Environmental Science and Scientific Theories
Name of Institution
Apparently, environment can be defined as the inclusion of things, animals, people and plants that co-exist in given surroundings, habitat, domain or geographical area (Singh, 2006). On the other hand, Environmental Science deals with the study of environmental systems through an integrated interdisciplinary approach; for example plants, mountains and animals. When it comes to renewable Resources, they are defined as the resources that are re-usable as they get replaced naturally. Some of the good examples include timber, oxygen, solar energy and biomass (Ford, 2000).
However, Non-Renewable Resources refer to the resources that have economic value but cannot get replaced by natural means as their requisition takes very many years. Apparently, natural gas, oil, fossil fuels and coal cannot be replaced and thus their use is non-renewable (Ford, 2000). On the other hand, Ecosystem Services refers to the benefits obtained from ecosystem. Some of these services include; diseases control, climate control, food and water provision, recreational services and crop pollination (Smith, 2004).
Environmental problem and its Impact to Environment
One of the prevalent problems that the environment is facing is deforestation. Apparently, this is the illegal or uncontrollable cutting of trees without replacing them. As a result, many countries have been faced with droughts due to lack of rainfall hence resulting to food shortage (Smith, 2004). The habitats for wild animals have also been affected for a long time as a result of destruction of their homes. In a bid to remedy the situation, the National Environment Management Authority (NEMA) had to intervene with a solution of encouraging people to plant two trees when they cut one. Moreover, every country is expected to protect its natural habitats, that is, the forests and ensure that the forest cover is at least ten percent among other environmental conservation rules (Singh, 2006).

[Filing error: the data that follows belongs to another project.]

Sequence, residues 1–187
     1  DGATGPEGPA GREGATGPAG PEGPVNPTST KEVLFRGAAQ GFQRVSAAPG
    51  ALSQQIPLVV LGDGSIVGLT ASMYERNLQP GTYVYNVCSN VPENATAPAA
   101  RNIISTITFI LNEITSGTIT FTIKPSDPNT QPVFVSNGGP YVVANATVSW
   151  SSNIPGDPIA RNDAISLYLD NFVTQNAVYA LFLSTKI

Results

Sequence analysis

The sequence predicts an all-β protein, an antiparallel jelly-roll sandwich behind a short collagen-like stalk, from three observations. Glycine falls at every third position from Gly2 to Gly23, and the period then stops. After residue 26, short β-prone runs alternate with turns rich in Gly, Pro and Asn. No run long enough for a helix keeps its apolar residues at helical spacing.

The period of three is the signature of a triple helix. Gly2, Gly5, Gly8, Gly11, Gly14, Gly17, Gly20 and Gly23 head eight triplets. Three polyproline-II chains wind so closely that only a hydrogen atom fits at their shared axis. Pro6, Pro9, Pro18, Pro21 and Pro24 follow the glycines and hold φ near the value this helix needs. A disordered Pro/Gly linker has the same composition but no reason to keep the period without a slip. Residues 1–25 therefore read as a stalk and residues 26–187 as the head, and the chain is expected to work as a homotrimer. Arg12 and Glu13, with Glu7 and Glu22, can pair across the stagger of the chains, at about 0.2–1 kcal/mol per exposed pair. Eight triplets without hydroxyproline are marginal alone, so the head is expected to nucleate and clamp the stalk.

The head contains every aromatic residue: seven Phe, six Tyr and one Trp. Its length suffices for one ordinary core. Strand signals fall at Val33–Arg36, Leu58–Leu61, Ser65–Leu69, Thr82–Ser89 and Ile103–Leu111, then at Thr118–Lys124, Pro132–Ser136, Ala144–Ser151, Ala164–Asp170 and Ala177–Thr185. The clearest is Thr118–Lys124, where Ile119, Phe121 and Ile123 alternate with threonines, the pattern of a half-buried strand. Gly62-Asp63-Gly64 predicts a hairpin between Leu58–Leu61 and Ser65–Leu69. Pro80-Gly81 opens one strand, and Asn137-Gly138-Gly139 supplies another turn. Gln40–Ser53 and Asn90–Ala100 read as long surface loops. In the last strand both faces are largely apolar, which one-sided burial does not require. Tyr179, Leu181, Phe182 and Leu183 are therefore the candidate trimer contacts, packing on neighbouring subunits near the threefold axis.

A scientific theory is a theoretical hypothesis that has been repeatedly tested but it is yet to be concluded as a fact therefore forming a framework of facts and observations. In order for the theory to become widely accepted, it must be tested repeatedly and proven to be a fact (Singh, 2006).
Process of Scientific Method
The step involves observations of a sequence of events that one may want to change or solve. Besides, the step involves conduction of investigations in a bid to try and find out why something is happening the way it does.
This is the identification of the specific scientific testable problem under research; the broad problem is narrowed down to a single specific test.
Apparently, hypothesis is a single statement that summarises the scientific fact that is to be proved or disapproved and the reason for picking the hypothesis in question. In this section, the hypothesis cannot be changed even if your findings differ; scientific experiments are not about right or wrong but about proving or disapproving facts (Smith, 2004).
When it comes to predictions, this involves comparing the results which will be achieved with the theoretical aspects set for the scientific fact.
In the scientific experiment, a number of variables are involved and tested and they include; dependent variable, that is, the specimen that is to be tested, secondly, the controlled variables, which are some of the things that never change in an experiment; Finally, the independent variable, which involves the aspect that can be changed so as to achieve results (Smith, 2004).
After conducting the experiment, the results have to be tabulated as they are without any alterations whether they are right or wrong.
This section involves the comparison of the experimental findings to the theoretical values as well as discussing how they relate to the theoretical fact. In case the fact has not been proven, the reasons for the errors are discussed here (Smith, 2004).
The conclusion summarises whether the dependent variable is proportional to the scientific fact in question and if not, the reasons behind it (Singh, 2006).
Finally, the whole process has to be documented exactly as it was conducted in a report, not forgetting the findings.
Ford, E. D. (2000). Scientific method for ecological research. Cambridge: Cambridge University Press.
Singh, Y. K. (2006). Environmental science. New Delhi: New Age International (P) Ltd., Publishers.
Smith, T. (2004). Renewable energy resources. Mankato, MN: Weigl Publishers.